WikiLeaks’ Assange gets relief from left victory in Ecuador
The win in Ecuador’s presidential elections of leftist government candidate Lenin Moreno will likely have provided relief to WikiLeaks’ founder Julian Assange, who had been threatened with eviction from the country’s embassy in London by the opposition candidate.
The election in the South American country had aroused interest in part because the conservative opposition candidate, Guillermo Lasso, had said that if elected he would evict Assange within 30 days of assuming power, because it was costing the country too much to keep him at the embassy.
The embassy is being constantly monitored by U.K. police ever since Assange slipped into it in 2012 and was granted asylum by the Ecuador government. Police say they will arrest Assange if he comes out of the embassy to meet an extradition request from Sweden in connection with an investigation into a sexual assault. Assange supporters are concerned that he may be moved from Sweden to the U.S. to face charges in connection with several leaks of confidential U.S. government information.
On Sunday, Assange tweeted his congratulations to Moreno and officials in Ecuador, including Rafael Correa, the current president of Ecuador. “I cordially invite Lasso to leave Ecuador within 30 days (with or without his tax haven millions),” wrote Assange in another message, referring to charges that Lasso had avoided taxes by stashing cash abroad.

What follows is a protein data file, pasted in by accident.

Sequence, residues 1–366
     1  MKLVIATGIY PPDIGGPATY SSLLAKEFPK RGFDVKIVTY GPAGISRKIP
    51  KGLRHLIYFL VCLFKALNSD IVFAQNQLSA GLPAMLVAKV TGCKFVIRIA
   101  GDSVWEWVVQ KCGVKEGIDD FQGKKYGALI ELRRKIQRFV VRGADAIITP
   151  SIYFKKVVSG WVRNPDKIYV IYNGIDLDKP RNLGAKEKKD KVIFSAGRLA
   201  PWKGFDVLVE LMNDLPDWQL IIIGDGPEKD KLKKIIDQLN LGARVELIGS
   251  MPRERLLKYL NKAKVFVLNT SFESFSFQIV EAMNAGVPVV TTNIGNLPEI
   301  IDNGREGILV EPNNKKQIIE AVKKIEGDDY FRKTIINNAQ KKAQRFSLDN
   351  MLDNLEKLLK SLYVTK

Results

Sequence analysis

On Friday, WikiLeaks released files that allegedly show how the CIA was masking its malware attacks, the latest dump by the whistleblower site of confidential information from the agency.
During the run-up to the U.S. presidential elections, WikiLeaks also leaked mails from the Democratic National Committee that showed that the Democratic Party’s national strategy and fund-raising committee had favored Hillary Clinton over her rival Senator Bernie Sanders for the party nomination. The website also published mails from the account of John Podesta, chairman of Clinton’s campaign.
The administration of former President Barack Obama and Clinton’s campaign have accused WikiLeaks of cooperating with Russian hackers with the aim of raising questions about the legitimacy of the presidential elections.
The Lasso camp is demanding a recount of the votes cast in the presidential election, according to reports. Although he backs Assange’s continuation at the embassy, Moreno said he would ask him to to “be very delicate when he addresses international politics, especially regarding countries with which we have good relations,” according to Latin American news outlet teleSUR.